3. John Harford
    Hi Jim,
    how do you think this burden should be shared fairly

    “James Farrar, Sustainability Principal EMEA, considers it “vital for governments to agree on a global target that shares the burden fairly.”

    1. Former Member Post author

      Great question. What is fair? It depends on your perspective.

      We have built up atmospheric CO2 concentrations to levels now at 430 parts per million. It is generally accepted that 550 ppm is the maximum safe level to keep us within a 2°C increase and we are adding about 3ppm pa.

      No doubt the developed world is most responsible for the current build up. Equally true, BRIC and developing economies will be responsible for an increasing share in the future.

      But developing economies also have pressing poverty issues and really do need to balance their development needs with environmental protection. To compare: China still has about 200 million people living on less than $1.25 per day, India has about 400 million in the same category.
      When it comes to carbon emissions per capita: the US emits 19 tonnes per annum, Germany 10 tonnes,China 5 tonnes & India 1 tonne.

      I heard Nicholas Stern speak this week and his view is that, right or wrong, China and India are unlikely to agree absolute caps on emissions in Copenhagen. They are committed to reducing CO2 emissions per unit of GDP. What he felt was fair is that India and China should agree in Copenhagen to a time frame from when caps will be imposed on China and India.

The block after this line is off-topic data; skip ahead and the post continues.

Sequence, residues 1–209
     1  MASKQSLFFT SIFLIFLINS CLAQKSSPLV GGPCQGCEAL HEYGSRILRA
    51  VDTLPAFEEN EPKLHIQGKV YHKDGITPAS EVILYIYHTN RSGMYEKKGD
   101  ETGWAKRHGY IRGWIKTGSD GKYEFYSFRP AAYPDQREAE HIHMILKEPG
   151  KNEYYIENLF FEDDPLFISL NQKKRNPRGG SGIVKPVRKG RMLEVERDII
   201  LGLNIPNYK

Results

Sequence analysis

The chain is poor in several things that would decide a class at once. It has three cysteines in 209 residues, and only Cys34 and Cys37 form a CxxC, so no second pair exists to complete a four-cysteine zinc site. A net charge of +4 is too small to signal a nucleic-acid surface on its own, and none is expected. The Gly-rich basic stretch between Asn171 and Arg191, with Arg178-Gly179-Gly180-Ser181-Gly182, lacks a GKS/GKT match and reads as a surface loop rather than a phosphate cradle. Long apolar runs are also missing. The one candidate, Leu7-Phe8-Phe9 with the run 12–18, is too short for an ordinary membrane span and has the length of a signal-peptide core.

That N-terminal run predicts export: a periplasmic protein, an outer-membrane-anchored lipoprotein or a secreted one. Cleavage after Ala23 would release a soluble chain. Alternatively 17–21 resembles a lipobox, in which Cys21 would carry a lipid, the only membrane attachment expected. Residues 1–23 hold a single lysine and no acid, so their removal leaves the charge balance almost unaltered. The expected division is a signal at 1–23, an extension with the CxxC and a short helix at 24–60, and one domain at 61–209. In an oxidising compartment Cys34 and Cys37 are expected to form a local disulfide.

The US is also looking to impose trade sanctions to protect US heavy industries from the perceived competitive advantage of less rigorous carbon regime in developing markets. The Chinese and Indians will look for more time and space for development and also a share of the global investment funds available to smooth their transition to a lower carbon economy.

      What is a fair then is a balance where newly developing countries are made to pay for historic emissions of the developed world and also be denied badly needed economic development opportunity. This is likely to be a deal that allows China and India a little more time but they must set a time frame. Developing countries will also need access to technologies that help them keep up with economic growth and transformation and to do so on a low carbon basis.


  4. Former Member
    I am delighted to see SAP taking a stance on Copenhagen and promoting real action on climate change.  As a responsible corporation and global citizen it is incumbent on SAP to push world leaders to take action on climate change.  Environmental interests aside (which are priority to me and I’m sure you), SAP will not have much of a market if climate change dramatically and negatively changes the economy as we know it.  

    That said, I also have concerns.  What are SAP’s motives with Hopenhagen?  Is it green washing or promoting a relaxed position on carbon targets in Copenhagen?  Further, I would have preferred that SAP jump on the TckTckTck band wagon, which has significantly more momentum and backed by dozens of NGOs and non-profit groups such as the WWF, Amnesty and Green Peace and people such as Kofi Annan and Desmond Tutu.

    Overall I am happy that SAP is doing something and taking a stand.  I just want to ensure it is not a soft stand.

  5. Cheryl Smith
    I am so glad SAP is sponsoring this summit! As a founding member of the SAP Cycling Club in Palo Alto, I am very excited by the potential. Copenhagen is a fascinating place from a cyclist’s point of view. 36% of trips taken are by bicycle (in the US, the average is 1%; in the San Francisco Bay area, the average is 2%). Their bike lane systems and bike-share programs are copied the world over.

    I encourage all who are going to check-out the bike lanes and bike-share programs in between the sessions:-)
    Best to all,Cheryl